Some Good Food News From The Pandemic

The Lempert Report
September 07, 2020

There's a lot of food innovation happening right now

We have seen lots of innovations as a result of the situation we are now living with. Restaurmarts, more delivery, more curbside pick up and according to a column in Easter San Francisco, lots of innovations in foods.

Eater SF reached out to half a dozen chefs, owners, writers, and critics, to see what pandemic-era changes they’ve appreciated during this strange time. Here are a few of the innovations they hope will stick around, long after the pandemic is “over.”

Keep the takeout cocktails coming. Why not have drinks to go? We have liquor stores, what’s the difference? I want to make sure people stay safe, but if you want restaurants to stick around, takeout cocktails make it great for customers who want to go home and relax. According to April Spears, chef and owner of Auntie April’s and Cafe Envy

Luke Tsai, food editor of Eater SF says we are Finding comfort in comfort foods.

I’ve loved the pivot to restaurants offering easily reheatable comfort foods for takeout — trays of take-and-bake lasagna or jollof rice or big tubs of Japanese curry he says. These are stressful times, so when I sit down at the dinner table, or plop down in front of the TV for a late-night snack, I’m usually just craving something that’s going to make me feel warm and safe.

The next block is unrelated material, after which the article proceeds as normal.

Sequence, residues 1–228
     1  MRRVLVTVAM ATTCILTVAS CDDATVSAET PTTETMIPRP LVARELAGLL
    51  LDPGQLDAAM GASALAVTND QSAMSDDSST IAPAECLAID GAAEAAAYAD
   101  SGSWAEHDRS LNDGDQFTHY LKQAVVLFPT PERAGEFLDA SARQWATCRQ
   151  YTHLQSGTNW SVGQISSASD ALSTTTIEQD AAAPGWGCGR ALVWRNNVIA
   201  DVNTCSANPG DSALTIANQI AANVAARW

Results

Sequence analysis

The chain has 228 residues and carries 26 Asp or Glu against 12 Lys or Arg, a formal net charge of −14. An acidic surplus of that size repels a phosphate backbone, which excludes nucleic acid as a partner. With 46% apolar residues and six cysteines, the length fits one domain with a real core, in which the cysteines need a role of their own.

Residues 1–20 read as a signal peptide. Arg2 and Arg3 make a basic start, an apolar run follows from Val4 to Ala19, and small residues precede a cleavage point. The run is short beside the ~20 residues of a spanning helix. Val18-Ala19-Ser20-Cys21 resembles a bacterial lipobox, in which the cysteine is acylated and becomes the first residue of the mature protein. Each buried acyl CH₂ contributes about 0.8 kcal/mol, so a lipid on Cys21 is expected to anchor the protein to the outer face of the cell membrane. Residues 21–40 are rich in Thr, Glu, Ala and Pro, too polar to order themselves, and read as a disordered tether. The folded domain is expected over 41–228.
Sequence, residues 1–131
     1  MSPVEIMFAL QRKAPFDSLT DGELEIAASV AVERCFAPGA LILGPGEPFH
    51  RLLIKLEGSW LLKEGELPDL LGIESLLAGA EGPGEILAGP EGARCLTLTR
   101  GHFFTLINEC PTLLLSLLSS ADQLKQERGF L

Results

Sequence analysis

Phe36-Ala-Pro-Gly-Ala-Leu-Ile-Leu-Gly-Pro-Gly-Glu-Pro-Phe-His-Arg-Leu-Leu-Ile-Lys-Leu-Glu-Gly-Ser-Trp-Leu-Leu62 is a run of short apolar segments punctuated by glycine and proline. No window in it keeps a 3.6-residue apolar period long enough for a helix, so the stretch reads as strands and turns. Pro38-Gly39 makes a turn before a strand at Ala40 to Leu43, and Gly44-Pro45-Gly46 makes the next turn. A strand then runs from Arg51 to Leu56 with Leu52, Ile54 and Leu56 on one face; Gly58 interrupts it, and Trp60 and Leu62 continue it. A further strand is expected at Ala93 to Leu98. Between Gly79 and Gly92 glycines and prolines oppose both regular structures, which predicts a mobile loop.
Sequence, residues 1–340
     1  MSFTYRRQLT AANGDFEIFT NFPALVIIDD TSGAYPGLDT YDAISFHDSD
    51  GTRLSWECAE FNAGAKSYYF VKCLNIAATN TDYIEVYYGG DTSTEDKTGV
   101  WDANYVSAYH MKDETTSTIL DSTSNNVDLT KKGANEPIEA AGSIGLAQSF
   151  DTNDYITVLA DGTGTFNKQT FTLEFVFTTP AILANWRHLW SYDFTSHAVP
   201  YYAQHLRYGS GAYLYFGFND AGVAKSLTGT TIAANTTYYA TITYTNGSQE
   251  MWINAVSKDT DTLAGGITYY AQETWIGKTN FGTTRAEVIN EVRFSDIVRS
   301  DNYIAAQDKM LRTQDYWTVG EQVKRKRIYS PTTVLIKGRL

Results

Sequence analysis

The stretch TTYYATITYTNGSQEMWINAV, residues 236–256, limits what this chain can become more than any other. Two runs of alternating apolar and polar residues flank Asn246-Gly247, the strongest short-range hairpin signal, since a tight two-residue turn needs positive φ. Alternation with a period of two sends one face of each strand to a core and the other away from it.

Dennis Leung, general manager of Palette Tea House started offering DIY dumplings would be a way to have fun with the family during shelter in place. He heard from many customers who miss “yum cha” or the dim sum brunch, so we wanted to find a way for everyone to enjoy fresh dim sum at home.

Jennifer Bennett, co-owner of Zazie enjoys more room to breathe between tables. She told Eater that “I’m enjoying the open spacing and how much quieter and more peaceful social distancing makes the dining area. However, most restaurants can’t subsist on half the seats …. For Zazie to make a profit at half capacity with the same costs, we’d have to sell a plate of pancakes for $30, and I’m not sure people are going to go for that, she adds.

Reality has yet to set in.